Book Review: Losing The Signal

Losing the Signal is the cautionary, underreported tale of the smartphone technology company Research in Motion (now BlackBerry) rising into the stratosphere and then fairly quickly falling from grace. The journalist authors are competent writers and story tellers who did a significant amount of background research to make the book happen. They interviewed all of the primary players, including extensive interviews with the co-CEOs of Research in Motion for much of the company’s lifespan, Mike Lazaridis and Jim Balsillie.

The authors are more than fair to the primary players, whom they enjoyed strong access to. As much as it tells the story of BlackBerry, Losing the Signal is equally a narrative of the careers of Mike Lazaridis and Jim Balsillie. The beginning of the book starts as almost a hagiography of the former co-CEOs as it weaves in and out of their respective childhoods and early careers in an effusively glowing tone. Through to the end, the authors seem cautious with their criticism of the two. They never quite blame either whole-heartedly, and instead just report the facts as they see it and let the reader make up his own mind. That shows some integrity as journalists, but perhaps it can also be read as conflicting gratefulness for the high level of access that the two provided them.

Not taking a stand can be frustrating for the reader. Throughout its 250 pages, Losing the Signal offers little meta-analysis of the events that are duly reported from an all access vantage point. It can’t help but be surmised that the authors either did not want to offend their subjects, or that they simply did not have a full grasp of some of the more technical issues that brought down the company. The latter certainly does bleed into the pages in parts.

There are numerous errors/misunderstandings/omissions in the book with relation to its coverage of software technologies. For example, on page 169, it says “Lazaridis realized that to match Apple, RIM would have to base its next browser on the freely available technology called WebKit.” However, in the following paragraph, it’s never mentioned that WebKit is actually an open source project sponsored by Apple itself, an ironic point that highlights just how much of a follower BlackBerry had become. Another example, is on page 172: “What made the Java system ideal to run a narrowly focused e-mail device left it ill-suited to handle the more complicated functions of a smarter smartphone.” There’s two problems: 1. throughout the book, the authors don’t seem to understand that Java is a programming language and virtual machine that systems are built from, and refer to it nebulously as an all encompassing system in and of itself and 2. of course Android, the smarter smartphone that is challenging Blackberry during the narrative, is powered largely by software also written in the Java programming language, making the authors blame of Java seem hollow.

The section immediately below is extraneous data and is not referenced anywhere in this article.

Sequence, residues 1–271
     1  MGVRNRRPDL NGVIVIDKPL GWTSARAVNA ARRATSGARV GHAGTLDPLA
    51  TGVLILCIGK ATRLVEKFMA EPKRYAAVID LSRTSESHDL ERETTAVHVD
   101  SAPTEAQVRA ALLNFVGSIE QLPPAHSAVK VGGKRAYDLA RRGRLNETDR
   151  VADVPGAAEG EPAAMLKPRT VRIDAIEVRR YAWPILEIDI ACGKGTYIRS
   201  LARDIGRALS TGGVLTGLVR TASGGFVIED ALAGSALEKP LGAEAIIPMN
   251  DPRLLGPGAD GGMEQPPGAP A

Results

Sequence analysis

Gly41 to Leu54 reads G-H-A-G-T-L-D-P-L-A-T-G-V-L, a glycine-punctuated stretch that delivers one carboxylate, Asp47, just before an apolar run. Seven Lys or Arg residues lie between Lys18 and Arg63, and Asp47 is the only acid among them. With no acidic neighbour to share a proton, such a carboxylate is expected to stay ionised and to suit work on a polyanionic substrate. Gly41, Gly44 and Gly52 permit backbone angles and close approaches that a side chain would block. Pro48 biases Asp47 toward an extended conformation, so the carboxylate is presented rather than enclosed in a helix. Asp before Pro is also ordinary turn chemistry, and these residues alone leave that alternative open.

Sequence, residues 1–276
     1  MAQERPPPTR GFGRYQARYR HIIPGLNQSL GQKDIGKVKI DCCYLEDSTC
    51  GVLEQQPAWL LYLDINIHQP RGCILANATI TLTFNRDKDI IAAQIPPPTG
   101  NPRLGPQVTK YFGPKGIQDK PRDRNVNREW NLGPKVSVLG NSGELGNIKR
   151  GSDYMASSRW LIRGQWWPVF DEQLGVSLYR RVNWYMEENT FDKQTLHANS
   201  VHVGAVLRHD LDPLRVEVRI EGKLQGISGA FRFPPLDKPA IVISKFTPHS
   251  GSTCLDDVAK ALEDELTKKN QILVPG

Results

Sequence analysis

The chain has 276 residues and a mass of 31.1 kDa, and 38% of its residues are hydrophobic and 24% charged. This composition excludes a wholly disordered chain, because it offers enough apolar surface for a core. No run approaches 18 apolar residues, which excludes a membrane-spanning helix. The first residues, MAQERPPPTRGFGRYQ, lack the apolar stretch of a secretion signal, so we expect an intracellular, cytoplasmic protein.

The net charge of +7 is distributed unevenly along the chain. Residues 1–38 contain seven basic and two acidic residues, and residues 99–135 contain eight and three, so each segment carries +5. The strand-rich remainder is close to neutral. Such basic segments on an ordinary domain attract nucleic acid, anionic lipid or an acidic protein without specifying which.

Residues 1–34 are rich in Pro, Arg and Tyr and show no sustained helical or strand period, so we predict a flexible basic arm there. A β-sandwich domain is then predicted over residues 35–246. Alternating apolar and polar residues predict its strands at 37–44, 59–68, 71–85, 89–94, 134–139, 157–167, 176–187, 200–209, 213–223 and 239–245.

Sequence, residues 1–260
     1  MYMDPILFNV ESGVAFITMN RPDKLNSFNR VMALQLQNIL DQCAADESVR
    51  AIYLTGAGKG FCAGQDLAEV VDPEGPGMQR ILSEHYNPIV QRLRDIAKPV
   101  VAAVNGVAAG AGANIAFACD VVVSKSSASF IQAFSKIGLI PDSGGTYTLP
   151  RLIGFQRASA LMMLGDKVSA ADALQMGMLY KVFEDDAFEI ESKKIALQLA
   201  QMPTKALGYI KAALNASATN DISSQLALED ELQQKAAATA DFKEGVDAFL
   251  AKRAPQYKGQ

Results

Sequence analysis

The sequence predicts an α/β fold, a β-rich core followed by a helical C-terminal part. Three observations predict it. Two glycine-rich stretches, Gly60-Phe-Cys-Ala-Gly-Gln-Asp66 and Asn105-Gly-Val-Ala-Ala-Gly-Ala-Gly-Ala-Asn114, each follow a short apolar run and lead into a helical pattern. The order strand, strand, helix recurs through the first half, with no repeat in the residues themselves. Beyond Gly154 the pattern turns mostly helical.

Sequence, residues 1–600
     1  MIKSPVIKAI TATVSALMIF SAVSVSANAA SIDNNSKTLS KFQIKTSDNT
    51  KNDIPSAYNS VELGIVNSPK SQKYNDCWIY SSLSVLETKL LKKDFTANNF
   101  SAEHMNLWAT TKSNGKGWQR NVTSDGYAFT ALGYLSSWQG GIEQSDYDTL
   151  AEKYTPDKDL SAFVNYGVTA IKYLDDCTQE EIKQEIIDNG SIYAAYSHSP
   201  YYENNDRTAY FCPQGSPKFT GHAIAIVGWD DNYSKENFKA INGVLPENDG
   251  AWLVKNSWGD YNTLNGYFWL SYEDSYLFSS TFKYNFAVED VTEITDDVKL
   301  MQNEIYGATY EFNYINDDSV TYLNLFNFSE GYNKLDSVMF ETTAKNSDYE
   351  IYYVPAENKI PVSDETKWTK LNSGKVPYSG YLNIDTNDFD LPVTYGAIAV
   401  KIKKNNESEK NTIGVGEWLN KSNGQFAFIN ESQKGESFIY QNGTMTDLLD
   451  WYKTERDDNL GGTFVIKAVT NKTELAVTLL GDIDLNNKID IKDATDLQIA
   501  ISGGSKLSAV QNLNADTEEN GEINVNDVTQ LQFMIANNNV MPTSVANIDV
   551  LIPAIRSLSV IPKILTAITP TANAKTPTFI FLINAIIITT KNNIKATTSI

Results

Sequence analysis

There are more technical errors than the two illustrated above—which is always one of the issues when tech business books are written by journalists. It would’ve helped to have had a software specialist do a proofread of the manuscript, especially when software issues were one of the main reasons BlackBerry declined. The authors’ lack of understanding of this critical area is the main flaw of Losing the Signal.

If you do a book search for “BlackBerry” on Amazon, Losing the Signal is the only title related to the company that will come up. The authors deserve praise for their significant research and painstaking interviews to tell this important technology and business story. Losing the Signal is flawed, but it’s probably the best objective narrative of the BlackBerry story that will ever be produced. There just does not seem to be that much interest in BlackBerry now that it has dwindled into its diminutive form of today. That might be because it’s not an American company, or that might be because its contributions seem less important in retrospect. Either way, it’s good that two competent journalists took the time to lay down the historical record for posterity.

About Me

I teach Computer Science to college students, develop software, podcast, and write books about programming including the Classic Computer Science Problems series. I'm the publisher of the hyper local newsletter BTV Daily.

You can find me on Twitter and GitHub. Check out my podcasts Kopec Explains Software and Business Books & Co. You can subscribe to my very low volume newsletter to find out about my future book, media, or software projects.


©2012-2023 David Kopec. As an Amazon Associate I earn from qualifying purchases.

Based on tdSimple originally by Lasantha Bandara and released under the CC By 3.0.